Coming to Terms with his Past – John Donne and his Allegiance to St. Thomas More: A New Historical Reading of “The Canonization”, “The Legacy”, and the Holy Sonnets.
On July 6th, 1535, Thomas More uttered his last words before his execution at Tower Hill. To his executioner, he spoke these words: “Thou wilt give me this day a greater benefit than ever any mortal man can be able to give me. Pluck up they spirits, man, and be not afraid to do thine office. My neck is very short: take heed, therefore, thou strike not awry for saving thine honesty.” Moments later he said to the crowd that he would “suffer death in and for the faith of the Holy Catholic Church” and that he was King Henry VIII’s “good servant but God’s first” (Halpin 299). Following this, the executioner followed More’s request and completed his office not afraid. These last words, along with his refusal to swear the Oath of Supremacy by request of his King, paint Thomas More within the divine light that echoes characteristics sought upon investigation for Canonization. The kind-heartedness, forgiveness, and honesty to both his executioner and gathered crowd depict a man of noble-surroundings and reflect the Catholic faith in action as well as words: within these words exists no anger, malice, or denial of his faith. These characteristics and behavior lead to the martyrdom and future canonization of St. Thomas More.
History paints Thomas More as the reformation martyr, a man whose legacy marks him as an opponent to the Protestant Reformation synonymous to that of Martin Luther or William Tyndale. At the time of his execution, Catholic-dominated Europe stood staggered, contemporary scholars and kinsman alike heralded his execution as a great loss to society, Swift marking that he was “the person of the greatest virtue this kingdom ever produced” (CITATION NEEDED). While Europe mourned the loss of the future Saint More, England stood stoic. More’s death marked the birth of national Protestantism, the smothering of Catholic ideals within the English society, and the end of exemption from the Act of Succession for those close to the King’s ear. Prior to More’s execution, the first victims were three unnamed Cathusian monks, one who commented, “How could the king, a layman, be Head of the Church of England?” (Logan 476). The death of these three nameless souls, who were hanged, drawn, and quartered, warned those who chose to speak out against King Henry VIII. John Fisher, the Bishop of Rochester, followed the three Cathusian monks by openly questioning Henry’s Act of Succession, his head was taken a few weeks later.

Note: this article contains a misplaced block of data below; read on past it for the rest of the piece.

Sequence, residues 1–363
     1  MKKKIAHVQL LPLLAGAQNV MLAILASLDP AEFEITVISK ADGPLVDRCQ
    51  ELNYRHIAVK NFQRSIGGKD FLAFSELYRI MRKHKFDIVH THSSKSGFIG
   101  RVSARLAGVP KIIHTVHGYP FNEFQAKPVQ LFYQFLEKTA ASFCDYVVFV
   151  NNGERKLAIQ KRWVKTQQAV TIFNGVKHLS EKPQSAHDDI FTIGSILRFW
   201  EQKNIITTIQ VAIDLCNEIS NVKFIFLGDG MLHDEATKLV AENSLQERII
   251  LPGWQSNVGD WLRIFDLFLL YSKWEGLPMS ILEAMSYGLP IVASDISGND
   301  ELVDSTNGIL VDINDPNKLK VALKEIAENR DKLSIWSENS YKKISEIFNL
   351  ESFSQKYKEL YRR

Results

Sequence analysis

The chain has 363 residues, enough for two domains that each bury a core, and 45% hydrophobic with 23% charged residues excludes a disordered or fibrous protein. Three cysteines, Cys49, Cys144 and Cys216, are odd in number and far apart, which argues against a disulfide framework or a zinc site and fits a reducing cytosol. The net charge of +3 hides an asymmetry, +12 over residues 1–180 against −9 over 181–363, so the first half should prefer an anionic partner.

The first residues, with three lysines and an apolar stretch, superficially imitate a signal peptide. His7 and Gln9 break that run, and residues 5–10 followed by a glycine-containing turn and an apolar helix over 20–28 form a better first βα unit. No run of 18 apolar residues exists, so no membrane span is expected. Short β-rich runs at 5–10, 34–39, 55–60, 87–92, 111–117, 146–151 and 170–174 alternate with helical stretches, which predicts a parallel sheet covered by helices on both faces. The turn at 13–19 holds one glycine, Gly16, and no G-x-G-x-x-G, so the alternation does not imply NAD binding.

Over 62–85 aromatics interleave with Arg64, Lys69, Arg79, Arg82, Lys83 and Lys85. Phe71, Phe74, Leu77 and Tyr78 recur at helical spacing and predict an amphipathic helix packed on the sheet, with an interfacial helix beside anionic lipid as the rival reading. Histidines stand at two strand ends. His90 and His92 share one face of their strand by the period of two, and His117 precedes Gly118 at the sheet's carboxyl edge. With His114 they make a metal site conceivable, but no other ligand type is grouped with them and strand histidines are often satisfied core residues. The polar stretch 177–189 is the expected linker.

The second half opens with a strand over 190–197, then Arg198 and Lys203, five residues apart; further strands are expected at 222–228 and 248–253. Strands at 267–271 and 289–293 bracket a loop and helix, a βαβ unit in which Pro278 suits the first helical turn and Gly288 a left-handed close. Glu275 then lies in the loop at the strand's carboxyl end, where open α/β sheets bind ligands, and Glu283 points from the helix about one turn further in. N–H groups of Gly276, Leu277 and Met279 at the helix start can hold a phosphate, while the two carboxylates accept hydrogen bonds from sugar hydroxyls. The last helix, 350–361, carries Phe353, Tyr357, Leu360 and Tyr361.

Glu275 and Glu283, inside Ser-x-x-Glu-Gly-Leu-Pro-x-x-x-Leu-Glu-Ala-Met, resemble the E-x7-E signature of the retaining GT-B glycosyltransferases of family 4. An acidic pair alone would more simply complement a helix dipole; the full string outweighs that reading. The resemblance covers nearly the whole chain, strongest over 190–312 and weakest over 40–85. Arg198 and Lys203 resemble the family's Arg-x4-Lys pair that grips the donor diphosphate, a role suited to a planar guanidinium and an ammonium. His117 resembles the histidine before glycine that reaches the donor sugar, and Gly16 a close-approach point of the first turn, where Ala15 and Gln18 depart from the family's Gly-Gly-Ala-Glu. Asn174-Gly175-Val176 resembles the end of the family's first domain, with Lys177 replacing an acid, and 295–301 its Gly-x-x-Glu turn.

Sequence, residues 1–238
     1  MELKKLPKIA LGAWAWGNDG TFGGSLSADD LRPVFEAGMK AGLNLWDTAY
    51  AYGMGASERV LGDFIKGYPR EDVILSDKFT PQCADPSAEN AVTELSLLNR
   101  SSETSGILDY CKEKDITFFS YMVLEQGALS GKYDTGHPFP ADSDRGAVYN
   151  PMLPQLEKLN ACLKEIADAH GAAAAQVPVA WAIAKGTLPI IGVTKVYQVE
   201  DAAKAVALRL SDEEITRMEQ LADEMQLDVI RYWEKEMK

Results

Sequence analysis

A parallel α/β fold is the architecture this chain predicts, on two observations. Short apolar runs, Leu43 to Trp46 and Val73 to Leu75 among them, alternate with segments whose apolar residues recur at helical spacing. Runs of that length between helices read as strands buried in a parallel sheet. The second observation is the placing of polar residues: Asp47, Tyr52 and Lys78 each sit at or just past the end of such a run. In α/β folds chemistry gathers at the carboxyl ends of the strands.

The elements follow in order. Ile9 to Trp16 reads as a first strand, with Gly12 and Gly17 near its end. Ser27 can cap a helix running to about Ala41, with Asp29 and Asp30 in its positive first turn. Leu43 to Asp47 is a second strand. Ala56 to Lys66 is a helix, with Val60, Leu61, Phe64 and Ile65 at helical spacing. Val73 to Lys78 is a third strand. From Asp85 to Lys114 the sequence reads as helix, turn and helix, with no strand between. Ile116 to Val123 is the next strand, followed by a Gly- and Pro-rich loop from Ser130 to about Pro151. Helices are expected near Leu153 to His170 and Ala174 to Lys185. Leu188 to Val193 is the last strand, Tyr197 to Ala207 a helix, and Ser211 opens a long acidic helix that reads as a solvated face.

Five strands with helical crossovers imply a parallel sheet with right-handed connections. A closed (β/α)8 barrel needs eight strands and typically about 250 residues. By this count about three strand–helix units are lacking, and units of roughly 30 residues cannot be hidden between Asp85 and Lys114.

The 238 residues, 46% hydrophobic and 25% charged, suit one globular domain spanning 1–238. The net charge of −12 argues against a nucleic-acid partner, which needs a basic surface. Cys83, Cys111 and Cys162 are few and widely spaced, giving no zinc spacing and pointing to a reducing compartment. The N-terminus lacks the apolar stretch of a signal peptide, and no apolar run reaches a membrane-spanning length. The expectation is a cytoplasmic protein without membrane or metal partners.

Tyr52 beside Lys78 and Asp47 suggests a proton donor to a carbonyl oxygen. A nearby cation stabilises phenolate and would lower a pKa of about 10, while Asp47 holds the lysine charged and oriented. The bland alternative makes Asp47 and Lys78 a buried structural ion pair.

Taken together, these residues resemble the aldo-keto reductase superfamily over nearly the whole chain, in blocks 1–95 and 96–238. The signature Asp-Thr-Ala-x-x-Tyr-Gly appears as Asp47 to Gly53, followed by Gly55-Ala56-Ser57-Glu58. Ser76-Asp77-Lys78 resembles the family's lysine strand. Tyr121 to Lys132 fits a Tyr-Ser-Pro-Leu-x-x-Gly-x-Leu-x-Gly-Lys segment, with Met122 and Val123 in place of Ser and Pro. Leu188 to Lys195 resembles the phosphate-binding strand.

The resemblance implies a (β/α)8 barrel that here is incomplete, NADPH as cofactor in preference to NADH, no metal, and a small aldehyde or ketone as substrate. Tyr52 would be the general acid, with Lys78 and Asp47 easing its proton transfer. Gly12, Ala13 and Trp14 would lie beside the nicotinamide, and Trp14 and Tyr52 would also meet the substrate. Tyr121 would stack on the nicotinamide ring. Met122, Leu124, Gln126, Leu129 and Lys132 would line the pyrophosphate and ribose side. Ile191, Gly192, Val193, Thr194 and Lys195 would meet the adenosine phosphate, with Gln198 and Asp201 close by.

For More, the only logical solution was to remain silent, to not speak out against his beloved King, yet his faith would not permit him to speak the Act of Succession. His silenced voice did not stop his executioner’s axe. The indifferent Henry, in that same year, permitted twenty-five Protestants, members of the Anabaptists, burned for heresy shortly after Fisher and More’s deaths. Henry’s faith to Rome or to Luther never stood on solid ground – but Thomas More, close confidant to the King, must have known that Henry’s faith, the once Defender of the Faith of Rome, and the excommunicate follower of Rome by Pope Clement VII, did not fall within a belief system of religious faith, but in faith in his own ego, power, and contempt for any of those who opposed his view of the world. Henry’s Act of Supremacy asked for denial of the Roman Church, but it did not reflect the true desire of the King, to be recognized as the absolute leader of man and man’s faith – whether Protestant or Catholic.
Therefore, More’s silence, his refusal to speak denial of his faith or to chose a side between King and his God, embodied not a act of rebellion, but of agency: aware of Henry’s inability to recognize his own desires, More stood silent – he neither denied nor accepted the Act of Supremacy, knowing the invalidity of its purpose. He held this silence through his persecution and carefully reasoned his thinking to the masses awaiting his execution. Following the death of More, the man who once painted the King’s father’s enemy, the overthrown King Richard III forever as a twisted and evil man bent on insanity, no one was safe from the blade of Henry VIII.
To the great-great nephew of the future canonized martyr, John Donne, Thomas More represents a blessing and a curse. To Donne, whose place within English society of the 17th-century is defined by this ancestral past, More represents the ever-inquisitive eye of public speculation of faith, as well as a near impossible standard of expectation for Donne to surpass. While his writing focuses primarily on man’s glorification of carnal desire and his complex connection to that of God, the motif of Death and the impact that Death has on our decisions, actions, and thoughts, persists throughout Donne’s work. Donne’s writing reflects the confliction between a man, his past, his desired path in society, and impossible expectations set upon him by his great-great uncle, St. Thomas More.